K m Carrying Capacity100
b m Maximal Capture Probability0.15
cConversion Efficiency: Prey to Predator0.25
r 1 , 2 Intrinsic Proliferation Rate0.25
k 1 , 2 Evolvability0.5
ϕ k 2 Range of Resources2
ϕ a 2 Species Niche Width4
ϕ b 2 Breadth of Predation10
σ i 2 Evolvability0.5
Table 3. Parameter values used in combination therapy simulations.
Table 3. Parameter values used in combination therapy simulations.
K m Carrying Capacity100
rIntrinsic Proliferation Rate0.25
σ 1 , 2 Evolvability Variance0.5
δ 1 , 2 Evolvability Covariance[−0.25, 0, 0.25]
λ 1 , 2 Initial Drug Resistance1
b 1 , 2 Impact of Drug Resistance on Death0.3
m 1 , 2 Drug Dosage/Efficacy0.3
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Bukkuri, A.; Brown, J.S. Evolutionary Game Theory: Darwinian Dynamics and the G Function Approach. Games 2021, 12, 72.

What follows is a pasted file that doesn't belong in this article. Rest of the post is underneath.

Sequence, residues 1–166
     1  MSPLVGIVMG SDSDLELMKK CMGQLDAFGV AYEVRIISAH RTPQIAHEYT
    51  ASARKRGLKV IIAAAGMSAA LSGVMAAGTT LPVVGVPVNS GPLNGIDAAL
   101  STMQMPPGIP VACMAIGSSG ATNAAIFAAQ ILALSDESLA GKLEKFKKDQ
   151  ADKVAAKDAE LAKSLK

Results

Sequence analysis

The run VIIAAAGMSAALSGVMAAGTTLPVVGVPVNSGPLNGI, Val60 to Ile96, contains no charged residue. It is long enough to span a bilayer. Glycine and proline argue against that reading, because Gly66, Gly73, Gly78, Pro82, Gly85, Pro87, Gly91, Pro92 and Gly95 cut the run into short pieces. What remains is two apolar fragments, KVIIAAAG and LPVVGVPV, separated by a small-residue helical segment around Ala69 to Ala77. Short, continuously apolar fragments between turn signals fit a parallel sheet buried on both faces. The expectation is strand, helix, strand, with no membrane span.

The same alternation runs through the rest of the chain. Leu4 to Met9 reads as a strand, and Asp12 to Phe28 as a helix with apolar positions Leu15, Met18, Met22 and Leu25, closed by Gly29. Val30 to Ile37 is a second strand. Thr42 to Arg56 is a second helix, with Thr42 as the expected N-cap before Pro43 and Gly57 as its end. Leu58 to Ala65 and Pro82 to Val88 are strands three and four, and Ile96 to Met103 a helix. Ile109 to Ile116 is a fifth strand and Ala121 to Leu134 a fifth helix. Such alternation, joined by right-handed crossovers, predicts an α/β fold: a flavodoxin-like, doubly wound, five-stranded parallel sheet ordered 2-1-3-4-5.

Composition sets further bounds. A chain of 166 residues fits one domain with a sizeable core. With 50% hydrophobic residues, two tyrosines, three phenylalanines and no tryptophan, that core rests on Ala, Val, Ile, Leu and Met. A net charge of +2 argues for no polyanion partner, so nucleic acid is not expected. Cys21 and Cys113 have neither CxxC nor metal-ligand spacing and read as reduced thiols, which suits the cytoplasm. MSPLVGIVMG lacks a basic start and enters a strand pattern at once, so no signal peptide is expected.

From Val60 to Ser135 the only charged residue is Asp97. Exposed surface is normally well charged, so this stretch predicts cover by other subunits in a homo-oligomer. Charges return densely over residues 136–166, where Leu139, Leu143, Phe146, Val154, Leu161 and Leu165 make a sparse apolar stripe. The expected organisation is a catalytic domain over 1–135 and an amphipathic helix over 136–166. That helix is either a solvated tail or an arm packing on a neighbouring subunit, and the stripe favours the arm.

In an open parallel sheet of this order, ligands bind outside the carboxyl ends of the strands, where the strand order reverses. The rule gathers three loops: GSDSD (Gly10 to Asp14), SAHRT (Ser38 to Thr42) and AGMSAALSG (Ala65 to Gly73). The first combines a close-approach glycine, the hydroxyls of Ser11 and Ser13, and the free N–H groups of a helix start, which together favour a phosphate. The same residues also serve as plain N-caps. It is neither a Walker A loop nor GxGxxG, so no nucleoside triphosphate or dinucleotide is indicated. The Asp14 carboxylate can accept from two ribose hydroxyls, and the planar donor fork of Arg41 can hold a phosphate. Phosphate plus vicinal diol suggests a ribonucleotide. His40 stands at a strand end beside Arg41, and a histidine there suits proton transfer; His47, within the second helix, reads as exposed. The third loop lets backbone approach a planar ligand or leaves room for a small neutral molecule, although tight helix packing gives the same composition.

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Bukkuri A, Brown JS. Evolutionary Game Theory: Darwinian Dynamics and the G Function Approach. Games. 2021; 12(4):72.

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Bukkuri, Anuraag, and Joel S. Brown. 2021. "Evolutionary Game Theory: Darwinian Dynamics and the G Function Approach" Games 12, no. 4: 72.